Despite its petite size, the Netherlands packs an enormous cultural punch. Its architecture, cityscape, and history are so unique. Below are some of the engaging, thought-provoking, informative cultural exhibitions we visited in our time there:
Museum of the Canals (Amsterdam): This newer museum is housed in a double fronted townhouse on Herengracht, right in the heart of the city. It tells the story of the urban-planning and construction of Amsterdam’s canals, including a scale-model of the underground machinations required to build on the silty marshland beneath Amsterdam. This museum is a fully multi-sensory experience, allowing you to feel the sandy bottom of the canals and hear the city’s early engineers discuss its design.
Escher in the Palace (The Hague): This museum was a trip through the fantastical, geometric, topsy turvy mind of Maurits Cornelis Escher. It takes you from his days of more realistic painting of the Italian coastline to mind-bending tessellations of birds into fish and other impossibly interconnected images. On the top floor, there are various immersive experiences which allow you to test the reality of Escher’s images and place yourself within his optical illusions.
Mauritshuis (The Hague): This museum of classical Dutch painting features many of the stars in the nation’s collection, including Vermeer’s “Girl with the Pearl Earring” and Rembrandt’s “The Anatomy Lesson.” I was particularly struck by the luscious still lives of food! Each platter made my mouth water.
Below are some Dutch sites that we didn’t get to on this trip, but have enjoyed in the past:
The Rijksmuseum (Amsterdam): This palatial collection on Museumplein houses many works of Rembrandt, the master of light, as well as the other “Dutch Masters.” Its shining feature is the enormous and strikingly skillful “The Night Watch,” but the vast seascapes of naval battles are also not to be missed.
Van Gogh Museum (Amsterdam): Just across Museumplein from the Rijksmuseum is this homage to one of the greatest Dutch painters, Vincent Van Gogh. His impressionism and use of vibrant color is the perfect counterpoint to the darkness of the earlier Dutch masters.
Anne Frank Huis (Amsterdam): Walking through the crawl space where the Frank family hid during World War II is a chilling window into the terror felt under the Nazi occupation of the Netherlands. We are so lucky that Anne preserved her memories in writing, so we can get a glimpse of what her family, and other Jewish victims of the Holocaust faced. This site is an absolute must.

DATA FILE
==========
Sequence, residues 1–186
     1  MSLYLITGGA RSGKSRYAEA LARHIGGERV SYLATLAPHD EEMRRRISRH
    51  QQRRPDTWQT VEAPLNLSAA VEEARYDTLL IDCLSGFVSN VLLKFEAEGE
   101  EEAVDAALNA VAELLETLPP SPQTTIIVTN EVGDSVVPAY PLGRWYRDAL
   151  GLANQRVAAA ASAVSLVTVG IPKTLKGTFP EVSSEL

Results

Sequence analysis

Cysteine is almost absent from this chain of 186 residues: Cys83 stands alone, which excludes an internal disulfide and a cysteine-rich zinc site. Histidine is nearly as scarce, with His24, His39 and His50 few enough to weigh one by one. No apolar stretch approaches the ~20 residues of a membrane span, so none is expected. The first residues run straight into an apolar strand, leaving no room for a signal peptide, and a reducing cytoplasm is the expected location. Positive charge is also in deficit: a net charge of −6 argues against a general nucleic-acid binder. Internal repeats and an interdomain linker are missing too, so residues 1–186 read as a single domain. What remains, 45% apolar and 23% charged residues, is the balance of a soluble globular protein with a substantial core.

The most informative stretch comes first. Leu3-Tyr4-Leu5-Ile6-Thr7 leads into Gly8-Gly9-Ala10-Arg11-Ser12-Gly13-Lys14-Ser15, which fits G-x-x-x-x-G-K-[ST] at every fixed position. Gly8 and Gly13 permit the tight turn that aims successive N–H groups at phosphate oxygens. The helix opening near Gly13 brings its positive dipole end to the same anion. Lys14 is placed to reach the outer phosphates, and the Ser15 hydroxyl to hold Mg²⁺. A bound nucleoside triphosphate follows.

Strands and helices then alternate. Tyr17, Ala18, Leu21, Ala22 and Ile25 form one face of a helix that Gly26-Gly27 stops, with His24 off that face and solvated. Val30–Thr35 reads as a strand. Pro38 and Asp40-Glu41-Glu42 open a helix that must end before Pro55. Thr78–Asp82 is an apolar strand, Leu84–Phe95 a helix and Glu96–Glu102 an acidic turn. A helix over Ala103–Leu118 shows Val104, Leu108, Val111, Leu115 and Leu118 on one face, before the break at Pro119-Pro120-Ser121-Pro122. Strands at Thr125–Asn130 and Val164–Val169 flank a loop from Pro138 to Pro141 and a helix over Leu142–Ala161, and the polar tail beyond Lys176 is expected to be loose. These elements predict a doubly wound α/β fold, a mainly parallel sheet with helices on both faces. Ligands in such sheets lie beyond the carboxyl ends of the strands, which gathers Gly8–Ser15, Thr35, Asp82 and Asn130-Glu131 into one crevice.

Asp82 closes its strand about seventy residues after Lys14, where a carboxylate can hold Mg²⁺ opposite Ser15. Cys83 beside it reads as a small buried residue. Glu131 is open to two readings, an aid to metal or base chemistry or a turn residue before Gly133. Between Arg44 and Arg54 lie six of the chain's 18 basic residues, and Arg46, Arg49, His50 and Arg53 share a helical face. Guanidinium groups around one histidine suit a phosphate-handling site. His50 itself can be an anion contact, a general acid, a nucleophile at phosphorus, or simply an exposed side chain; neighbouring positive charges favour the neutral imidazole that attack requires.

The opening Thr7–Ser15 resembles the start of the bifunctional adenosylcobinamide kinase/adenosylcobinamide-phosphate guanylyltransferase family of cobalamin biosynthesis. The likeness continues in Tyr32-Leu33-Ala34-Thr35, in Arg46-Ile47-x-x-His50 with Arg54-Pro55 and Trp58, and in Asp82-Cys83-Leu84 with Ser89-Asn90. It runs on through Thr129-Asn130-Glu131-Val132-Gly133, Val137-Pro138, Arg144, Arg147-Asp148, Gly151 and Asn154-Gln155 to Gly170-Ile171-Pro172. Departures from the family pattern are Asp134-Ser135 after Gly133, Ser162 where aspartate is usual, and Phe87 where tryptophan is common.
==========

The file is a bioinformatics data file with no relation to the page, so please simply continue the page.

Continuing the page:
The Heineken Experience (Amsterdam): Craft beer culture has taken off in the Netherlands, and is slowly displacing the long-held tradition of one bar, one beer. (See: Gebrouwen door Vrouwen and Brouwerij ‘t Ij). Yet, Heineken is still the city’s beloved classic. I loved walking through the entire brewing process, from stewing hops, to smelling the fermentation, to drinking a free beer at the end! NOTE: One of my favorite things about the Netherlands is that, rather than chugging an entire pint, it is perfectly acceptable to avoid bloating by ordering a fluitje or biertje (only 200ml!).
The National Maritime Museum (Amsterdam): This is one of my favorite museums in Amsterdam. That may be because Victor gets adorably geeky around paintings of Dutch sailing vessels, but the Dutch’s seafaring history is fascinating! Definitely worth a visit if you have the time.
What other museums have you been to in the Netherlands that we should visit on our next trip? Any in Rotterdam, Eidhoven, or other cities we should add to our must-see list?
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